3. 3. DOMESTIC MARKETING- The marketing strategies that are employed to attract and influence customers within the political boundaries of a country are known as Domestic marketing. The focus of companies is on the local customer and market only and no thought is given to overseas markets. All the product and services are produced keeping in mind local customers only. It deals with only one set of competition and economic issues which make it more convenient to do. There are no language barriers in domestic marketing and obtaining and interpreting data on local marketing trends and consumer demands is easier and faster to do. It helps the company make decisions and develop marketing strategies that are more effective and efficient. The risks are also lesser with domestic marketing and it needs lesser financial resources. Local markets are not as broad as the international market though and most companies are aiming at doing business globally. INTERNATIONAL MARKETING: - When there are no boundaries for a company and it targets customers overseas or in another country, it is said to be engaged in international marketing. The environment within which marketing operates is continually dynamic and largely uncontrollable. For international marketing this difficulty is magnified; not only are the uncontrollable elements of the environment different from country to country, but the controllable elements of the marketing mix (4Ps of price, product, place, promotion) must be adapted to these differing environments.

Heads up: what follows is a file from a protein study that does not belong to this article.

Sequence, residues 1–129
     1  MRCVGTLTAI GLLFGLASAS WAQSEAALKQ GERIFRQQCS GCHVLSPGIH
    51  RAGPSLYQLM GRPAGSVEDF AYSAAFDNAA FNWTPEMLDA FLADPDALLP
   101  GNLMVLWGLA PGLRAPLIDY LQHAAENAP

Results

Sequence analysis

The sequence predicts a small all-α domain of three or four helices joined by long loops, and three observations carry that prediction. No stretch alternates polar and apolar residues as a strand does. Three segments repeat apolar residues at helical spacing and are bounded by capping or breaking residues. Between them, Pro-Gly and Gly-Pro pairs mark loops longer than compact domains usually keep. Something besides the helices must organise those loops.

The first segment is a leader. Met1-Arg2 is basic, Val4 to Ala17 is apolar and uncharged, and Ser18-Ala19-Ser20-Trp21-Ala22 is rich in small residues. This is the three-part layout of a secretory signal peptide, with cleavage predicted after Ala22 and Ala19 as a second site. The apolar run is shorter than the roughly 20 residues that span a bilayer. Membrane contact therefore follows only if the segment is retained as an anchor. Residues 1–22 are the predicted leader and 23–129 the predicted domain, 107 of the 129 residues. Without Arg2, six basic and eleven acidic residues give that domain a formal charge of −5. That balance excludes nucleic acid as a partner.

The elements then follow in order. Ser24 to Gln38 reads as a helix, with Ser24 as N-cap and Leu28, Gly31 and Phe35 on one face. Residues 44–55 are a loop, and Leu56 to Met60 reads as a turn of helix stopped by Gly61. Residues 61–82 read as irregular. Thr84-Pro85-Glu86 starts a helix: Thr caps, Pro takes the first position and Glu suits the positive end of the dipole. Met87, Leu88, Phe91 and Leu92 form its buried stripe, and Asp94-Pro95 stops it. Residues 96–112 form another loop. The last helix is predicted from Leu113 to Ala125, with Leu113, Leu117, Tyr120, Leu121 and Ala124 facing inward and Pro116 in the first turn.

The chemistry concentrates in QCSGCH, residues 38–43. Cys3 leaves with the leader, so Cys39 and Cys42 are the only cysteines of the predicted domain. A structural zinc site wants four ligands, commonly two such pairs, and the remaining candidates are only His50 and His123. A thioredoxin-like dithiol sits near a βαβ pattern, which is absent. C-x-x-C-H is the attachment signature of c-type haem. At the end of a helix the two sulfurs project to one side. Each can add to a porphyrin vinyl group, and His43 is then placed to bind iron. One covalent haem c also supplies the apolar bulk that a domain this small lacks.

4. 4. The key difference between domestic marketing and marketing on an international scale is the multidimensional and complexity of the many foreign country markets a company may operate in. International marketing is the promotion and sale of a company’s products to consumers in different countries. It is very complex and requires a huge amount of financial resources. Every country has its own laws on business and a company that aims at entering into business in another country must first know about them. Consumer tastes and preferences may also differ so marketing strategies must be formulated to cater to the needs of different consumers. International marketing requires more time and effort, not to mention its being very risky too. The international market is very uncertain and a company must always be ready for changes that may suddenly occur. It requires a higher level of commitment to succeed in an international market. 4. DESCRIBE BRIEFLY THE MAIN CHANNELS OF DISTRIBUTION USED IN EXPORT MARKETING When a company chooses to export directly to foreign markets, it usually makes internal organizational changes to support more complex functions. A direct exporter normally selects the markets it wishes to penetrate, chooses the best channels of distribution for each market, and then makes specific foreign business connections in order to sell its product. Organizing for Exporting A company new to exporting generally treats its export sales no differently than its domestic sales, using existing personnel and organizational structures. As international sales and inquiries increase, the company may separate the management of its exports from that of its domestic sales.